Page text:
This is the link to the Hancock Wildlife Foundation. (He is Canada’s equivalent of Roy Dennis!). You can find the tracking information and the live streaming cams that the Foundation supports.

There has been an update by Cilla re Yurruga:

Nov 29: “No sign of Yurruga today. I looked for him at the roost trees this afternoon after seeing a raptor (possibly Diamond) there earlier (too far for photo). I’ve looked every day, but he’s not been seen since last Thursday when spotted on a roof. It’s of concern, but he might simply be well hidden.”

Speaking of Peregrine Falcons, their range is expanding and they are returning to upper New York State. Some of you, if you have gone on Ferris Akel’s tour, will have seen the Peregrine Falcons roosting on the Bradfield Building near to where Arthur and Big Red normally roost. Here is a great article about this change.

I am not seeing any other updates on raptors we have been monitoring this Monday morning.

Thank you so much for joining me today. Take care everyone. See you soon.

Thank you to the following for their streaming cams or FB pages where I took my images: Jean-Marie Dupart FB posting, NZ DOC Royal Albatross Centre FB, and Wikimedia Commons.

5 Comments

  1. Linda Kontol says:

    Thank you Mary Ann for this newsletter!
    The small raptor Hobby is very pretty in the photo. I don’t think I heard of this kind before. The amount of ospreys in the Senegal area is awesome! The info provided is very interesting from Hancock. I watch the eagle nests there every season but I didn’t know about the ospreys. Thank you for all this !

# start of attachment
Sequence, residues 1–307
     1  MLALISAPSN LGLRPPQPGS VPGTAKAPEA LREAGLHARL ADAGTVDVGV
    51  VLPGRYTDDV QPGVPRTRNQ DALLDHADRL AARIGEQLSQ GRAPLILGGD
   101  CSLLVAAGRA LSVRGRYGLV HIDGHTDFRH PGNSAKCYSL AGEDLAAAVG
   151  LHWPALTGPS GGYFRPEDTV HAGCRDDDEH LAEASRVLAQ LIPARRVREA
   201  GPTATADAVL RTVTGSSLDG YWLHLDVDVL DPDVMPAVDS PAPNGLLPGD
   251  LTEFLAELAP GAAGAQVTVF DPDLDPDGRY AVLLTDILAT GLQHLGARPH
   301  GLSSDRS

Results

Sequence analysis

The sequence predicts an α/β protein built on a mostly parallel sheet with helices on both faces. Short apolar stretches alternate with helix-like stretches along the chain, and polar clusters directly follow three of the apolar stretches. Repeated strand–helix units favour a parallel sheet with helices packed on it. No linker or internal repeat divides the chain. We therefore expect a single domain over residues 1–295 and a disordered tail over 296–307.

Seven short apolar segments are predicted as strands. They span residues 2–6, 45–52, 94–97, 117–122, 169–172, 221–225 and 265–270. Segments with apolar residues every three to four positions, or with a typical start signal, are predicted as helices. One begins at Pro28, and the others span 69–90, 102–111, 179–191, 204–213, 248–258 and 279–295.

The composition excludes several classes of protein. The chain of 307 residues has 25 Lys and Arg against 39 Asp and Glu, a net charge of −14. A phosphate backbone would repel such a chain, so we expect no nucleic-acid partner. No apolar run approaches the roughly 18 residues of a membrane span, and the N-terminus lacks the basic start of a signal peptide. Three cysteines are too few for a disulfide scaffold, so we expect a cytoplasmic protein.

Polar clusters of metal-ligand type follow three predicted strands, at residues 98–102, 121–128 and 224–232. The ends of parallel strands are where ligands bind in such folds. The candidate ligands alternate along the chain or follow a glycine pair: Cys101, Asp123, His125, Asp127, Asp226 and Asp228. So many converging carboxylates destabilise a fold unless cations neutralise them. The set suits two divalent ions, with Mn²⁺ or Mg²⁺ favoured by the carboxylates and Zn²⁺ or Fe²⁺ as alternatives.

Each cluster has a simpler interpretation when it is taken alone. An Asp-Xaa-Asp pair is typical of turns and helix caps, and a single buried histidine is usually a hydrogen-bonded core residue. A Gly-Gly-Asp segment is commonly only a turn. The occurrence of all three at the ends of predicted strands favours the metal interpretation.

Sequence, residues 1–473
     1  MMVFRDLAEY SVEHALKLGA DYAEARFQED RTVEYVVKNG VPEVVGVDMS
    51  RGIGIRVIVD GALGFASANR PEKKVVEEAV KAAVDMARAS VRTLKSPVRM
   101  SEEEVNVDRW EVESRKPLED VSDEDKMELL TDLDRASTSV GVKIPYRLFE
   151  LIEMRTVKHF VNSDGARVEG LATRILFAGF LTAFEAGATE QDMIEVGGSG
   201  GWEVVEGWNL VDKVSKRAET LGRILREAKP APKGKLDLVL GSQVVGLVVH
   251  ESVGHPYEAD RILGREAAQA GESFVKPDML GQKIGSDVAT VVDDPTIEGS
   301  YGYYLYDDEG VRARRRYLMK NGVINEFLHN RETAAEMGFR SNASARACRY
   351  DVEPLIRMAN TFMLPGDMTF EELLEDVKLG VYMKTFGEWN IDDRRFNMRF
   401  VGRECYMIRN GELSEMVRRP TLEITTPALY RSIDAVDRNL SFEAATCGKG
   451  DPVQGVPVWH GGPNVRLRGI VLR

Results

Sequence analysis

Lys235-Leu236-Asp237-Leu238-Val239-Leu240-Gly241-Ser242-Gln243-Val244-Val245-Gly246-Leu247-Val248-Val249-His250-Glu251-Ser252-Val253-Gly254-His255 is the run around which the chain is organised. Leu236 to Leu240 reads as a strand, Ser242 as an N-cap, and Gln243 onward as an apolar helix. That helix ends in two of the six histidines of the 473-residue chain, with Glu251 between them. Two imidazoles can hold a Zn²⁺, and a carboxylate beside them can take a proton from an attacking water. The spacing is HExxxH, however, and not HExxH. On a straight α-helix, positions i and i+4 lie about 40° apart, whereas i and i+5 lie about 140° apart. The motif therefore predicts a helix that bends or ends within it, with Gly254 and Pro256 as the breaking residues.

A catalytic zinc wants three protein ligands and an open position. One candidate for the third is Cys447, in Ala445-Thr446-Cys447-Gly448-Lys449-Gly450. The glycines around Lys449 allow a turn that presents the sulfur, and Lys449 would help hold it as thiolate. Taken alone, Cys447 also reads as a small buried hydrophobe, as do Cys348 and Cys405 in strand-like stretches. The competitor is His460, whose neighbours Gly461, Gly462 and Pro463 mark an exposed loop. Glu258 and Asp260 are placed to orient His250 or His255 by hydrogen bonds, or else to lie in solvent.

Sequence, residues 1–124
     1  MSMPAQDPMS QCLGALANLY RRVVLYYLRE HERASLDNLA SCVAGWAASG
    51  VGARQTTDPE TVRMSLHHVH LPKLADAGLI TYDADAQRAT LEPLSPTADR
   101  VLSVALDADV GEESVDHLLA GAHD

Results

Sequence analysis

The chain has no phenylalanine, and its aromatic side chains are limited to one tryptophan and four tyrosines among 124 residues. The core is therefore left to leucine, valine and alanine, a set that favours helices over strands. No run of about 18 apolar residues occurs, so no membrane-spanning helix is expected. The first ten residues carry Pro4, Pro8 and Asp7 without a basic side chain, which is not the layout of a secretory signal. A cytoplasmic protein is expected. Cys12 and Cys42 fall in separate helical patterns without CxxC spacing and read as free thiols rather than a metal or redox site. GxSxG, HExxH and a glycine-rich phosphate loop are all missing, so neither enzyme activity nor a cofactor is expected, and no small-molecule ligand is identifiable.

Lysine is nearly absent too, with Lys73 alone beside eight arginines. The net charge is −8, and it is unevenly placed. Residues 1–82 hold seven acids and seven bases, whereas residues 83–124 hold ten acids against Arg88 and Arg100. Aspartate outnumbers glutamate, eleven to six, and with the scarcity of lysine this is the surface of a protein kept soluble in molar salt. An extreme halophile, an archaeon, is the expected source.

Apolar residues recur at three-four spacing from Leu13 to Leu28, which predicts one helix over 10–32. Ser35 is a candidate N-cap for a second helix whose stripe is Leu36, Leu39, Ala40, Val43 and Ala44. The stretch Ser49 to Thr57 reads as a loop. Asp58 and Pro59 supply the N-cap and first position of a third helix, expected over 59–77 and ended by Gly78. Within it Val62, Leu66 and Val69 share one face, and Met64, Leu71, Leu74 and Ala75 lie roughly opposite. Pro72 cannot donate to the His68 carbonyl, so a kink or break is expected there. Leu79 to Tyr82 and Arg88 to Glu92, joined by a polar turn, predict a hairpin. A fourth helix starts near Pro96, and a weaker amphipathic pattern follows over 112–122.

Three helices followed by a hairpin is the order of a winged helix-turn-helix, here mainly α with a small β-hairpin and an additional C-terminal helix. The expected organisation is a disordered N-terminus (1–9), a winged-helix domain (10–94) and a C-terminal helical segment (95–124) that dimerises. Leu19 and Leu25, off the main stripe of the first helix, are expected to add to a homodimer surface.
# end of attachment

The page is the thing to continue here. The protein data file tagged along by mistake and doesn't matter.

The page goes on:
Have a great day and take care!
    Linda

    1. You are very welcome, Linda. Those tiny raptors are so pretty. I want to look them up in that big book! I understand that is an enormous number of ospreys in Senegal. And that is good news. We surely need some good news. Dave Hancock is so dedicated. I am glad you watch those eagle nests. Him and Christian Sasse are very interesting. I did a little research on past floods and wiping out the road, etc. It very much seems that lake wants to be a lake! That would certainly be wonderful for the wildlife. We have family in Langley and they are on notice of evacuation.

  2. Thank you for this report as well, Mary Ann. David Hancock is the one who streamed that first nest I ever watched about 15 years ago – in B.C. (I’ve been trying to remember the names of the two eaglets in that nest. We called them “Big” and “Lil” at first until they had official names.) Also agree with everything he said and support his cause. The northwest corner of Washington state shared in the terrible flooding. (I live about 200 miles south of the area.) Someday I hope humanity will evolve…. and become protectors of the Earth instead of the bane that it is. Gaia weeps….

    1. You are very welcome. I wish I had been able to share the link. It just would not let me. I want to see if I can find it again. Yes, Dave Hancock is our own Roy Dennis or Attenborough. He is a wonderful and very wise man. And you are so very right. We have to become fierce protectors of our Earth. I just received a note that Poland is building a fence in a major forest where the animals cross country boundaries and that the birds and animals are beginning to die. What a terrible place humans create.

      1. So sad about the fence in Poland! Humans can be so arrogant, unfeeling, and short-sighted….